2010 Census: Think Twice, Check Once

2010 Census: Think Twice, Check Once

The Huffington Post

Michele Elam, Martin Luther King, Jr. Centennial Professor of English and Olivier Nomellini Family University Fellow in Undergraduate
Stanford University

The federal government is taking a road trip, dubbed the 2010 Census Portrait of America Road Tour, to try to convince “hard-to-count audiences” to participate in this year’s dicennial Census. One of those particularly hard-to-count groups are those who identify as racially mixed. Many will choose to take advantage of the “mark one or more races” (MOOM) option made first available on the 2000 Census. Race scholars have been hotly debating the significance of this paradigm shift, asking: just what are the Civil Rights consequences of the Census option of “mark one or more races”?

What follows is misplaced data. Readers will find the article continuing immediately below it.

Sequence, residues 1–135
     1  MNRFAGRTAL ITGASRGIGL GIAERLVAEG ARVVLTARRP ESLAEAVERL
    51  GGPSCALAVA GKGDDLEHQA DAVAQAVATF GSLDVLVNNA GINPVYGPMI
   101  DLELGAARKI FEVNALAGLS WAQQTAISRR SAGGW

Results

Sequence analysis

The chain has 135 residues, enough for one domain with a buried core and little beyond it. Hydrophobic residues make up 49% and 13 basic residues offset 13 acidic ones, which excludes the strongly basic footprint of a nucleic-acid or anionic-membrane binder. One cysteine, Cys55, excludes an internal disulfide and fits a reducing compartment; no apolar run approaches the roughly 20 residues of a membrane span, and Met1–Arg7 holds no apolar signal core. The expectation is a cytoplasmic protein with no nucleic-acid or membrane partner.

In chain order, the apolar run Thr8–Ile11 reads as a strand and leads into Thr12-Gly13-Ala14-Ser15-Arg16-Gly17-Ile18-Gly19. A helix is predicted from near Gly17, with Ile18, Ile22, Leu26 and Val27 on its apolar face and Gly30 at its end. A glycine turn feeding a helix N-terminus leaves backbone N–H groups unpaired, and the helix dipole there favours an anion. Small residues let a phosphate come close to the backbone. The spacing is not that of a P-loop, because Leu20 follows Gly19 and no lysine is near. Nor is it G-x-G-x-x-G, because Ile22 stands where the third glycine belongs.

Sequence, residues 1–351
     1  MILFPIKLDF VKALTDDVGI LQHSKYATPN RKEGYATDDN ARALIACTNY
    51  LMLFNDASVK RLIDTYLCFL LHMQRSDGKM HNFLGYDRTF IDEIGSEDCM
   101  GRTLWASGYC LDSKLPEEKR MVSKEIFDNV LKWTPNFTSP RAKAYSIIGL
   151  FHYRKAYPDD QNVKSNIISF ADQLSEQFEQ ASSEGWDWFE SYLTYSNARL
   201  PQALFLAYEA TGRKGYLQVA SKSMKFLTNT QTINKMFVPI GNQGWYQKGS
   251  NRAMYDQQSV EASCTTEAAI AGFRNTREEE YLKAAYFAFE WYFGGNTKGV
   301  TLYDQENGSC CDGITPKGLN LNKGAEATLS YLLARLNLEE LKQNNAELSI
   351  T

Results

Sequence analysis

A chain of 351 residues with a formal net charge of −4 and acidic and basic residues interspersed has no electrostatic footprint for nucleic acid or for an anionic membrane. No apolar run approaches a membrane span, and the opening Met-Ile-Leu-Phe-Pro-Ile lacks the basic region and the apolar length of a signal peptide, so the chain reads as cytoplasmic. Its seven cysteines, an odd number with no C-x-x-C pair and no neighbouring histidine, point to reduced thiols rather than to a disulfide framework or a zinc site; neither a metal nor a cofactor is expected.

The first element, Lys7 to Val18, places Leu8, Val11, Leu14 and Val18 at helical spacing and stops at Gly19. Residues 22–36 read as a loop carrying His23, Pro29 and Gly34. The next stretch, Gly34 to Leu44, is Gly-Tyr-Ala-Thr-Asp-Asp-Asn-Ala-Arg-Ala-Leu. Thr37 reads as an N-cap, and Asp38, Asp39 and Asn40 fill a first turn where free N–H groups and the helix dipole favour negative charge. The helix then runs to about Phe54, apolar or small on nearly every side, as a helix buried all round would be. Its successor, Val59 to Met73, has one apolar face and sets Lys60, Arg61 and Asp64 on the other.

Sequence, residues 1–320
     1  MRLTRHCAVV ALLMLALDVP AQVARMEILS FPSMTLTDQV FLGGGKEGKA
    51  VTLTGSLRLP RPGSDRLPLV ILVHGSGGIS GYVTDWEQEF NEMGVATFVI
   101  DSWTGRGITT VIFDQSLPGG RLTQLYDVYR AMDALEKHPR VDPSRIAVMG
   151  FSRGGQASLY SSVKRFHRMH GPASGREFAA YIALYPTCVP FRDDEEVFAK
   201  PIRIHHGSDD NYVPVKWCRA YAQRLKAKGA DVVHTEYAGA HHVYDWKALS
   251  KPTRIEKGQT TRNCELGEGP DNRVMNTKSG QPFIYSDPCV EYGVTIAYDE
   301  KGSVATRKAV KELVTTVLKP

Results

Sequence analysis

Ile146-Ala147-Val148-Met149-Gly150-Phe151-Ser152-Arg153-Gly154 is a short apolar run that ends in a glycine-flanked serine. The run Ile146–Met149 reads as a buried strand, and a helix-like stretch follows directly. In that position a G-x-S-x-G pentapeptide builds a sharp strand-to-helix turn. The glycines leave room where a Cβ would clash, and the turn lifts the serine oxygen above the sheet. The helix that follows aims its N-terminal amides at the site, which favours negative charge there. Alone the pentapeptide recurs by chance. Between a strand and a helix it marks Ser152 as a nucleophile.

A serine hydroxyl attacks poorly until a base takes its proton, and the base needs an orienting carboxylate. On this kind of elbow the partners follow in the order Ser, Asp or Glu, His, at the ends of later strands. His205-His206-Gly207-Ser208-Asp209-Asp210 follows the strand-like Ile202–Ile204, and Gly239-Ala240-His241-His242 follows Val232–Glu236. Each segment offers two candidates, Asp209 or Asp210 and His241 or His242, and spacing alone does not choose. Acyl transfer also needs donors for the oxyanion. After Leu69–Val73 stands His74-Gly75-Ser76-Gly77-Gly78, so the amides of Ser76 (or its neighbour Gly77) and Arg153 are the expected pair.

Demonized in the early twentieth century as sexually polluting and culturally degenerate, mixed race people are now all the rage. The New York Times hails them as Generation E.A.: Ethnically Ambiguous and celebrates them as ambassadors to the post-race new world order. With Obama, our self-described “mutt” President, as its poster-child, the “the Mulatto Millennium” is finally upon us…

…Few could have anticipated the community impact of their box-checking. Federal guidelines have since sought to correct for these unexpected effects, but my point is that the government accounting of race through the Census is explicitly designed to inform public policy and the distribution of resources. This is not about ethnic squabbling over spoils.

It is a recognition that the Census was never meant as–nor should it be–a site for self-expression

Read the entire article here.

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